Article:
Here’s my biggest question when I consider Acts 6: did the apostles choose the right people for the job?

Here’s who they selected: Stephen, Philip, Procorus, Nicanor, Timon, Parmenas, and Nicolas of Antioch. All Greeks. All who were well respected, full of the Spirit and wisdom. It intrigues me that those were the job qualifications for running a food program. I would have listed people who showed a servant heart or gifting, who saw a need and met it. I would have gone after practical people, and perhaps a few who could think bigger and more strategically, perhaps to grow the program. The apostles, and those they included in the decision-making process, didn’t go in that direction.

On the surface, I’d say they chose the wrong people for the task. I’m not saying they weren’t leaders. Two of these new leaders take center stage in the next two chapters, but not because of the food program. Let’s dig a little deeper.

Stephen is described as “a man full of faith and the Holy Spirit” and “a man full of God’s grace and power.” He is a miracle worker, a debater who was unrivaled in “the wisdom and the Spirit with which [he] spoke.” He’s a preacher who is unafraid to challenge those in power. And these gifts cost him his life. I even wonder if there was time to be part of the food program between his selection in 6:6 and his arrest six verses later.

When the persecution spreads after Stephen’s death and the believers disperse (perhaps ending the food program?), Philip takes on an identity as a traveling evangelist and miracle worker, quick to follow the Spirit’s guiding, bold in crossing cultural borders and loathe to miss an opportunity. Later, he’s a cross-cultural resident of a Roman town, and a father who raised four girls to follow Christ, and who become known for the gift of prophecy (Acts 21:8,9).

There seems to be a double standard here. If the apostles were so concerned about working in their own giftings and responsibilities, shouldn’t they have also worked to empower Stephen and Philip to serve in their giftings rather than giving them a task that was beneath their abilities and perhaps a bad fit?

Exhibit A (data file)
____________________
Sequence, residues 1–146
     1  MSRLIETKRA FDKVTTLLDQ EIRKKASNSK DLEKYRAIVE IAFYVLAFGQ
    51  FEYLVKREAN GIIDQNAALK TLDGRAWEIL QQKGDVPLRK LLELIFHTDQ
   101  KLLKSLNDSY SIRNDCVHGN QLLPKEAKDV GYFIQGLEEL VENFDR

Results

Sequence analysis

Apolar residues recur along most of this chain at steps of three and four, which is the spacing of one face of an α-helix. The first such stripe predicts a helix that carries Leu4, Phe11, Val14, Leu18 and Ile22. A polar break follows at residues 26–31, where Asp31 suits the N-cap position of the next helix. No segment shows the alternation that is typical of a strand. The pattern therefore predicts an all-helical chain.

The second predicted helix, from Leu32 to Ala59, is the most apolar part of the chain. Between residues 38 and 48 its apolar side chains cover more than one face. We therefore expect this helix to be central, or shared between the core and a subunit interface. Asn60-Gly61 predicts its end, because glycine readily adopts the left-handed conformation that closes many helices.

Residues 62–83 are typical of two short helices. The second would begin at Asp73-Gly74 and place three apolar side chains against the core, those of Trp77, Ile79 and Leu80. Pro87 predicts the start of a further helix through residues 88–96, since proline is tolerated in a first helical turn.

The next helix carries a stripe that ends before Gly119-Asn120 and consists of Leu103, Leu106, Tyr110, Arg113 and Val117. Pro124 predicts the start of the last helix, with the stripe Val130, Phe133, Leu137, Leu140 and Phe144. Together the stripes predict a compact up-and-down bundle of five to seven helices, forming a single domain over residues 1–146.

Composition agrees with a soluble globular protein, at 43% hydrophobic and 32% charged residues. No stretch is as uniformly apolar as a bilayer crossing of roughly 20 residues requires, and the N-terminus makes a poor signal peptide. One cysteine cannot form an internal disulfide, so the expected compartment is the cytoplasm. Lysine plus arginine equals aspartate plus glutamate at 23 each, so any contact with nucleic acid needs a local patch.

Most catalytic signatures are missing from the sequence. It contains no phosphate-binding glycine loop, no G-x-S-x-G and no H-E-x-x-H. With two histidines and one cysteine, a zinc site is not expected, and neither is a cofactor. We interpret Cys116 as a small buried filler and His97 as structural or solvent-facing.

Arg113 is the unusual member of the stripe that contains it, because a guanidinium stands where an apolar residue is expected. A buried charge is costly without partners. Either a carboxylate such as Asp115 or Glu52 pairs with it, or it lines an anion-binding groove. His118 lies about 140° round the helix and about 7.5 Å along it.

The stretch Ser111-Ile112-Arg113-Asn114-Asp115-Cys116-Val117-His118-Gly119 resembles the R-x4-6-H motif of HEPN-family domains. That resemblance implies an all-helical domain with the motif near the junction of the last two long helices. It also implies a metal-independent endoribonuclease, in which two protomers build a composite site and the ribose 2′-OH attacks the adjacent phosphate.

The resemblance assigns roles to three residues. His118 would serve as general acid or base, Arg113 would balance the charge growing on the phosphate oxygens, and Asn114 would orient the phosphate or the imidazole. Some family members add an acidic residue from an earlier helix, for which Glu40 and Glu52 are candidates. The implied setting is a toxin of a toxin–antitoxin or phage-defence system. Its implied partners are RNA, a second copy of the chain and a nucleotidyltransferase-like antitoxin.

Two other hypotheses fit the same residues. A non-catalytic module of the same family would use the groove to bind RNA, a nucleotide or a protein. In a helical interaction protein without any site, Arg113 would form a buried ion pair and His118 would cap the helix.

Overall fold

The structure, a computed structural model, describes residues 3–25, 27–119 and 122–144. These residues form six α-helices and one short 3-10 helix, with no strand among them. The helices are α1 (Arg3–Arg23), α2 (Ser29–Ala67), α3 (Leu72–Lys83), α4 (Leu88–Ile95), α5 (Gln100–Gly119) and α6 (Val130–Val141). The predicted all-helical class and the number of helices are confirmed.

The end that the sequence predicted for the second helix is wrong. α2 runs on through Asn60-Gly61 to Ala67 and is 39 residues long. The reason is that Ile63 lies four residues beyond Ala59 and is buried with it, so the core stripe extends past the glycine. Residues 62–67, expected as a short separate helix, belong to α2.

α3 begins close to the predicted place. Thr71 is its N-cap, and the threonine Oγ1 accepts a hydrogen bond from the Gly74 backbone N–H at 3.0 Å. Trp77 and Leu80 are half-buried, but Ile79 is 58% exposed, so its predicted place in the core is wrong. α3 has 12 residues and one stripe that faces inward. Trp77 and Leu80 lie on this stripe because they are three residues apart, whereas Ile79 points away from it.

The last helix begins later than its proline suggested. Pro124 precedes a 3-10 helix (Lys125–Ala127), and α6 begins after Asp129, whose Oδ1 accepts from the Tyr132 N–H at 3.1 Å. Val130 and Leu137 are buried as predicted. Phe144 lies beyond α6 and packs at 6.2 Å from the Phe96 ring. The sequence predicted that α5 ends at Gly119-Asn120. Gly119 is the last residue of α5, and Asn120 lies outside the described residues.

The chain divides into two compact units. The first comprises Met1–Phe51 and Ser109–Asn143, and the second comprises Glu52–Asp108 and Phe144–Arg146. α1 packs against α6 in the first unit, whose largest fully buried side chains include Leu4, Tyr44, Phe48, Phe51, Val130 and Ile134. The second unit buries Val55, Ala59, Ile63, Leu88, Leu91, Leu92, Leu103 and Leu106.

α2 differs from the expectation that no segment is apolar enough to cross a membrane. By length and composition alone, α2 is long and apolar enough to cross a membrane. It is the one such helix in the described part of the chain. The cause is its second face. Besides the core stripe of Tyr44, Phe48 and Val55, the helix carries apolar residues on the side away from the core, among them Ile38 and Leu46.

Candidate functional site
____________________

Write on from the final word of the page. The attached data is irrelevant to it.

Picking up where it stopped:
My conclusion is that the food program was a developmental step, a stretch assignment. It was a platform to explore and expose their real gifts. In addition, it was a chance to raise their profile, take on responsibility and improve their leadership credibility. They’re not the only ones in Scripture who followed this kind of path.

  • Joshua spent decades as Moses’s assistant, and got his first stretch assignment as a spy in Canaan (Ex 33:11, Num 11:28 and 13:16).
  • King Saul asked David to be his harp player and armor bearer, and reluctantly gave him an opportunity to fight Goliath. These opportunities became a springboard for David’s military career and fame (I Sam 16:14-18:9)
  • John Mark hung around Jesus and Peter, then joined Paul and Barnabas on a mission trip as their assistant, where he didn’t exactly serve with distinction (Acts 12:12,25, 13:13 and 15:13-38).

Leadership is best learned by doing it, and stretch assignments are a perfect vehicle for experiential learning. We love to go back to “the usual suspects,” the 20% who do 80% of the work. But when the apostles demonstrated their faith in these new leaders, they lessened the work on themselves and introduced a new generation of leaders with apostolic gifts.

So next time you’re putting together a project, a challenge or a study team, consider the age-old practice of stretch assignments. If it’s good enough for Peter, it’s good enough for me.

I’ve described this overlap period with the current president as the best of both worlds: I can think strategically without having to worry about any of the day-to-day management of Wycliffe. However, if I try to strategize without first internalizing the corporate culture, I’ll fall prey to Drucker’s axiom:

Culture eats strategy for breakfast.

So how do I steep myself in Wycliffe’s corporate culture so that I can maximize my time on strategery? Like many offices, Wycliffe in Calgary is difficult to define as a block. It has many subcultures. So, whether it’s a new organization, a new country or a new department, here are some practical ideas to absorb the essence of organizational culture.

1. Experiential learning. I’m on a quest to jump in and identify with as many subcultures as I can. Two clear ones are cycling to work and joining the WTHL, the Wycliffe Table Hockey League. I have now biked to the office four times, the first of which came in 36 degree temperatures. That’s soft core. Cycling to work in the snow earns you more points.